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Glycemic Load Explained: Definition, Formula, Benefits, and Examples

Glycemic load (GL) is a concept which has been gaining momentum in recent years. It is a measure of the impact that carbohydrates have on blood sugar levels – a crucial factor in the development and management of type 2 diabetes.

By understanding GL and how to calculate it, dieters, diabetics and health-conscious individuals alike can make more informed decisions about the foods they consume and their overall diets.

What is Glycemic Load?

Glycemic Load

Glycemic load is a measure of how a given food impacts blood sugar levels, and it is closely related to another concept, glycemic index (GI). The GI is a measure of how quickly a given food is converted into glucose, and is expressed on a scale of 1 to 100 (with 100 being the most rapid conversion). GL takes this one step further, taking into account not only the speed of glucose conversion, but also the amount of carbohydrates contained in a given food.

To calculate GL, the following formula is used: GL = (GI x amount of available carbohydrates per serving) divided by 100.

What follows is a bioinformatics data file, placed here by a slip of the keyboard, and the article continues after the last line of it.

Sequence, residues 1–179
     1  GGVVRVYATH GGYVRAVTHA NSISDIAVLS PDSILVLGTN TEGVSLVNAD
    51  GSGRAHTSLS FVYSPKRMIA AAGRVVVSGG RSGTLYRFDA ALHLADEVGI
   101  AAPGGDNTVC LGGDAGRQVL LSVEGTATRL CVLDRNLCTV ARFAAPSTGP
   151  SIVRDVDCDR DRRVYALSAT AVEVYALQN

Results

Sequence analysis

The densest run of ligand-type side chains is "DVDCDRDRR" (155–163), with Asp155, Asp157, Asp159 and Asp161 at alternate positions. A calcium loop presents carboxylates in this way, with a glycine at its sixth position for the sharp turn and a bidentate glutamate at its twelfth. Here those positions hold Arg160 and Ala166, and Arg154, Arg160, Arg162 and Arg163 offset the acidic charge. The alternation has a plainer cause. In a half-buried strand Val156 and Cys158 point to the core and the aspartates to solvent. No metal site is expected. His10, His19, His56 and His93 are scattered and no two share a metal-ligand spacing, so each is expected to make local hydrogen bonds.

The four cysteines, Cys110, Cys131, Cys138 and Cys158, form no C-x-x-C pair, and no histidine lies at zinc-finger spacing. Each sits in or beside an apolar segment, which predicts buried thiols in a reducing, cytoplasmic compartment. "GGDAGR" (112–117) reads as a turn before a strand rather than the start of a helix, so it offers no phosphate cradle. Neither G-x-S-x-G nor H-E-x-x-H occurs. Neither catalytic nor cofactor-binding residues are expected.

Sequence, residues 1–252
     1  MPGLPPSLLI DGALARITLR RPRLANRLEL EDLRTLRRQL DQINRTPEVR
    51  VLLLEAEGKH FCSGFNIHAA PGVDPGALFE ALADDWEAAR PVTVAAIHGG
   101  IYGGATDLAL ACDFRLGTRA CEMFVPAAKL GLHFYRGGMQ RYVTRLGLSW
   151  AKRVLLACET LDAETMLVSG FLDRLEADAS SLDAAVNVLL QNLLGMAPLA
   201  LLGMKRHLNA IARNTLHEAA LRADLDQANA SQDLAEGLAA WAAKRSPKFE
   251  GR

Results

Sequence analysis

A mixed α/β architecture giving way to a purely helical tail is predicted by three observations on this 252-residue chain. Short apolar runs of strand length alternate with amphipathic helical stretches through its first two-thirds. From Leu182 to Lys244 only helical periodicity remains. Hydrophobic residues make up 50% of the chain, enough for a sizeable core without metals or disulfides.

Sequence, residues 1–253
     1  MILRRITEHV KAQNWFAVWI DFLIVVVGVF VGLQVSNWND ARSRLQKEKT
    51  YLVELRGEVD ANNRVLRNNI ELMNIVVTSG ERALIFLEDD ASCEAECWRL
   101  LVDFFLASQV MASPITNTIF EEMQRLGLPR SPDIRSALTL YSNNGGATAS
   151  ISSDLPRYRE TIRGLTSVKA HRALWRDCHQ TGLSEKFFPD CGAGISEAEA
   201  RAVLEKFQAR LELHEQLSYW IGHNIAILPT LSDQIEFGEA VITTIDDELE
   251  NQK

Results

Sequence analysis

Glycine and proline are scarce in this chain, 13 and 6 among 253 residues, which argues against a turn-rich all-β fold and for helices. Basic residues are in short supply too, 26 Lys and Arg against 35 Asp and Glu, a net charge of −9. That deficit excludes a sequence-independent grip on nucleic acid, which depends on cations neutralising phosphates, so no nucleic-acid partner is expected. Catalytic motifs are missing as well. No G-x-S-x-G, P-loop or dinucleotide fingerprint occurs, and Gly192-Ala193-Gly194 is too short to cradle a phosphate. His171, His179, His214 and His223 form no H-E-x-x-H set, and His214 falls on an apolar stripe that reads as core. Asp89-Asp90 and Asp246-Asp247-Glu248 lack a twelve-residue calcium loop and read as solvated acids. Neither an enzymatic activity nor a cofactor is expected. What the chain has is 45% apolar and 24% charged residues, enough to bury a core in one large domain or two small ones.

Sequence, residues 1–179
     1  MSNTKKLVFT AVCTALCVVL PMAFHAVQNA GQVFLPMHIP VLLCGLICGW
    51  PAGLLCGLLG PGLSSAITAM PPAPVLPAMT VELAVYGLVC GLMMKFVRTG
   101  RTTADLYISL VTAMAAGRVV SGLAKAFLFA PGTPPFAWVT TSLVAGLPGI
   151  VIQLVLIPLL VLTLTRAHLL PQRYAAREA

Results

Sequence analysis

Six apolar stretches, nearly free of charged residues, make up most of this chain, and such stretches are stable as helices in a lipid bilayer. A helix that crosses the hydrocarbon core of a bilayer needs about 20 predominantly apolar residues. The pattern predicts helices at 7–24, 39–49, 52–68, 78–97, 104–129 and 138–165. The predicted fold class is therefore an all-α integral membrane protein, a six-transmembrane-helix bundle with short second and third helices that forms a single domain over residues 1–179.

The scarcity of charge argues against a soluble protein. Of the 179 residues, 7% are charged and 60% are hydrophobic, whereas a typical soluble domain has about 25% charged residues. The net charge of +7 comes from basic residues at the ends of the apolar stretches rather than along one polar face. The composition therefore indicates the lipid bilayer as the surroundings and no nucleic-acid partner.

The result of this calculation is then expressed in terms of grams of carbohydrates per serving.

An example of this in action would be a slice of white bread, which has a GI of 70 and contains 15 grams of carbohydrates per slice. Using the formula, GL = (70 x 15) / 100 = 10.5 grams.

GL Levels

GL values range from 0 to 100 and can be classified as follows:

Low GL: 0 – 10

Moderate GL: 11-19

High GL: 20+

Generally speaking, low GL foods are more beneficial for those looking to keep their blood sugar levels in check.

Examples of Foods with GL Values

Here are five examples of foods with their corresponding GL values:

White rice (cooked): 50 GL

Rolled oats (cooked): 10 GL

Baked potato: 25 GL

Apple: 10 GL

White bread: 10.5 GL

Low GL Diet

A low GL diet is one that seeks to minimize blood sugar spikes by consuming foods with low GL values. This type of diet works by limiting the amount of quickly-digested carbohydrates that are consumed, while emphasizing the consumption of slow-digested carbohydrates. Slow-digested carbs take longer to process and therefore have less of an impact on blood sugar levels.

Benefits of Glycemic Load

The benefits of a low GL diet are twofold. Firstly, it can help with weight loss, as foods with a high GL are more likely to be high in calories. Secondly, it can help to reduce the risk of developing type 2 diabetes, as it is able to reduce the amount of insulin that is required to balance blood sugar levels. For those who already have type 2 diabetes, a low GL diet can help to reduce the amount of medication that is needed, as well as the risk of developing further complications.

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